That landscapes are subject to daily and seasonal changes provides opportunity to explore the same scene many times over. In the case of the impressionists, such exploration often spanned many years of their lives. The simplest approach I believe is to create a middle of the day study (such as Distant Coastline), then switch colors and adjust values for other times of day in subsequent pieces.

Sunset is an attempt to use the same composition as in Distant Coastline but with colors that might be more likely as the color hue and temperature changes with the waning of the day. The basic method used in Sunset is as I have previously described -- layers of gesso worked to a buttery cover for the canvas and then other colors worked into it with a knife.

Pictures like Sunset do not effectively separate the background, middle ground and foreground - except with the use of color. This can make the perspective appear a bit flat. This is less of a problem for an impressionistic work like this one but would be problematic for a more realistic style.

Sunset, Acrylic on canvas board, 8"X10" $90 (unframed)

Monday, September 15, 2008

Quick studies aren't so quick!

Before taking up painting, I had the naive impression that doing a "quick study" meant less effort. As I have tried different techniques to get to a finished picture, it has become evident that a quick study sometimes is anything but. Getting the composition and tonal values right can often be almost as much of a challenge as finishing the final picture or a bigger version of the study. In industrial parlance, a study would be the prototype from which the final (or 'production') version is derived.

The two studies here use the same compositional elements. The paint is applied thinly with a small brush. This allows a choice of finishing the painting either with thin or impasto application of paint. In the meantime, if I don't quite like the study it is but a simple matter to re-coat the canvas with gesso and start all over again.

Countryside 1 and 2, Acrylic on canvas board, 5"X7", Not for sale

Tuesday, September 9, 2008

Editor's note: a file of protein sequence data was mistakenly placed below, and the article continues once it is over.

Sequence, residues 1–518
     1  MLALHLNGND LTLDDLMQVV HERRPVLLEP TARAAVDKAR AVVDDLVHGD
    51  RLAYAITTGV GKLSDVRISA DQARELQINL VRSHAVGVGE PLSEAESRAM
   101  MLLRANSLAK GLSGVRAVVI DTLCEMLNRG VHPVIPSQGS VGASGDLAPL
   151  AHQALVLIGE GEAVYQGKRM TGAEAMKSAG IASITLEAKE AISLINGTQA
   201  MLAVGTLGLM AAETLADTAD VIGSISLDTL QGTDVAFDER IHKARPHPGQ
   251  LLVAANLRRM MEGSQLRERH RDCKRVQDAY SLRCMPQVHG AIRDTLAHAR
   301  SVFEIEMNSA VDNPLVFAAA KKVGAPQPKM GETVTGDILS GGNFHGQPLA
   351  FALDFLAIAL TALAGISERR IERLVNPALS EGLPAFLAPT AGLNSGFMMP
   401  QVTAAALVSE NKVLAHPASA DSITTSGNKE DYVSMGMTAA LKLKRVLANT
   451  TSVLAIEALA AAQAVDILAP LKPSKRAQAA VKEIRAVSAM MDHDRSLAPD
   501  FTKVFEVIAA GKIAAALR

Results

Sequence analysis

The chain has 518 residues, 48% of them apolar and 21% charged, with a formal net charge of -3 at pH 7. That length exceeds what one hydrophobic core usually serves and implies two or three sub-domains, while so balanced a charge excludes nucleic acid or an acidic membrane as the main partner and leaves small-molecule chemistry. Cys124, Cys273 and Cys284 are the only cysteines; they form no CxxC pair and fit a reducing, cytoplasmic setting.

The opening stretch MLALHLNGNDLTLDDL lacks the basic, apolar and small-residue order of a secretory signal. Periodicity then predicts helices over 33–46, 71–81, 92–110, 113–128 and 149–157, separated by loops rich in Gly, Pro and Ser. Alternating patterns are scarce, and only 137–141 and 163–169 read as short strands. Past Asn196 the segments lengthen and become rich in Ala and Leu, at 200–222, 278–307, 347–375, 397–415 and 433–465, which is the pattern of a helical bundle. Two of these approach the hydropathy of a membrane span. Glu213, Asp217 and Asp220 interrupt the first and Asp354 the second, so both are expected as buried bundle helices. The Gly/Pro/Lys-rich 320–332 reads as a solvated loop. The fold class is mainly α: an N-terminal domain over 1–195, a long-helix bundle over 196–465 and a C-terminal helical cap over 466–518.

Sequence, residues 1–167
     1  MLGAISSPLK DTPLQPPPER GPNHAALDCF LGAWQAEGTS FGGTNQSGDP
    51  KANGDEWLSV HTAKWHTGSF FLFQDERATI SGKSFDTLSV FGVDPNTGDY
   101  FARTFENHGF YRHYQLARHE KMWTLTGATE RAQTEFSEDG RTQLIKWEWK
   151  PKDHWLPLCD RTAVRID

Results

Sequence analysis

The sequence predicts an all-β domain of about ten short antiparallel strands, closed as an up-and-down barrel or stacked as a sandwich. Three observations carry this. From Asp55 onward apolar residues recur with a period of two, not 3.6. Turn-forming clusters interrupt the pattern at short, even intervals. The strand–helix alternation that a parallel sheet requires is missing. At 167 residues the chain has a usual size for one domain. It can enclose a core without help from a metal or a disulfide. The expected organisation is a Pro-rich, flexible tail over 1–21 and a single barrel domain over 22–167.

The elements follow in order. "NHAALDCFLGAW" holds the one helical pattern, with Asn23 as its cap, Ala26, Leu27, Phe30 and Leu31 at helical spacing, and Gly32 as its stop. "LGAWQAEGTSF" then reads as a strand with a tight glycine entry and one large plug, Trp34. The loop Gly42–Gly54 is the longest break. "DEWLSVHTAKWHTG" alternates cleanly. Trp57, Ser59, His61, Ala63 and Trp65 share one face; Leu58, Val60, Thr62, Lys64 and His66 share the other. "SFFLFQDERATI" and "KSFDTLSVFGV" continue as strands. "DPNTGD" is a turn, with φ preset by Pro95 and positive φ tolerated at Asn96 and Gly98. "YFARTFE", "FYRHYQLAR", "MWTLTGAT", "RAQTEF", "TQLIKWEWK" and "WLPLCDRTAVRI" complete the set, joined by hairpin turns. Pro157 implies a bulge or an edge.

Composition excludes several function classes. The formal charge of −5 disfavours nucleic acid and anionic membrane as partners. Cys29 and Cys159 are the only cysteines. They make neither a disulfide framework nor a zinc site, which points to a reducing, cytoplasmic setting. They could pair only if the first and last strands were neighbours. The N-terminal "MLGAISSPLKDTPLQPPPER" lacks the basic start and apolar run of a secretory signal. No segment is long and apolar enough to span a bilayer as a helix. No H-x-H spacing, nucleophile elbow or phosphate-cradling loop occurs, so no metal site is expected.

Abstract flower

This painting is in the same series as Blue Flower. I think close-up paintings of flowers can appear to be a pure abstract of the form, color and tone of the flower. Colorful Mum was triggered by a vase full of brilliant chrysanthemums. Instead of trying to capture the beauty of the full arrangement, I chose to zoom in on part of one flower to fill this canvas.

Colorful Mum, Acrylic on canvas board, 8"X10", Not for sale

Sunday, September 7, 2008

Backlit flower

Flowers are a great source of painting ideas and have inspired some of the most beautiful paintings. I did Blue Flower a while ago when I was also experimenting with close-up photography of flowers. I did some sketches and then settled on a single flower with light coming in from behind which served to highlight the center of the flower and also brought out the variations in the petals.

Blue Flower, Acrylic on canvas board, 18"X24", (Not for sale)

Wednesday, September 3, 2008

Minimal brushstrokes painting style

An exercise I have found quite useful in developing a looser style of painting is to do a painting with the fewest strokes possible. This requires minimal working of paint on the surface leading to a freshness of color that can be easily destroyed in just a few more strokes.

In Reflections, I have used a rather common scene of trees reflected in the water to demonstrate a minimal brushstrokes approach. The palette is restricted (ultramarine blue, sap green, cadmium yellow and titanium white) and I used the biggest brush I could force myself to pick! After all, this is a small canvas and the temptation was to reach for a small brush. The bigger brush allowed for the canvas to be covered quickly and with the self-imposed limit on brushstrokes, there was no choice but to leave the paint alone after it was down on the canvas.

Reflections, Acrylic on canvas board, 5”X7” (Not for sale)